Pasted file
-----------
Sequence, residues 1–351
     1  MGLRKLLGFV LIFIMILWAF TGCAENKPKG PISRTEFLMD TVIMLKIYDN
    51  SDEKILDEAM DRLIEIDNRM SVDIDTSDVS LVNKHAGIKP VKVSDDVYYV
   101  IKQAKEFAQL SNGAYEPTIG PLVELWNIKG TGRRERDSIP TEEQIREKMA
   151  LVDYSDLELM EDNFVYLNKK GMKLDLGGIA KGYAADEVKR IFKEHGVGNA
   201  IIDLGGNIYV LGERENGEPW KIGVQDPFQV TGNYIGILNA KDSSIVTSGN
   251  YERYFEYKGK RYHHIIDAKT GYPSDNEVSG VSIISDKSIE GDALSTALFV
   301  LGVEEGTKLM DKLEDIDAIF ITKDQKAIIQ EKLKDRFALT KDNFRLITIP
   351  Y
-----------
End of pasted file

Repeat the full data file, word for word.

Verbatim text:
Sequence, residues 1–351
     1  MGLRKLLGFV LIFIMILWAF TGCAENKPKG PISRTEFLMD TVIMLKIYDN
    51  SDEKILDEAM DRLIEIDNRM SVDIDTSDVS LVNKHAGIKP VKVSDDVYYV
   101  IKQAKEFAQL SNGAYEPTIG PLVELWNIKG TGRRERDSIP TEEQIREKMA
   151  LVDYSDLELM EDNFVYLNKK GMKLDLGGIA KGYAADEVKR IFKEHGVGNA
   201  IIDLGGNIYV LGERENGEPW KIGVQDPFQV TGNYIGILNA KDSSIVTSGN
   251  YERYFEYKGK RYHHIIDAKT GYPSDNEVSG VSIISDKSIE GDALSTALFV
   301  LGVEEGTKLM DKLEDIDAIF ITKDQKAIIQ EKLKDRFALT KDNFRLITIP
   351  Y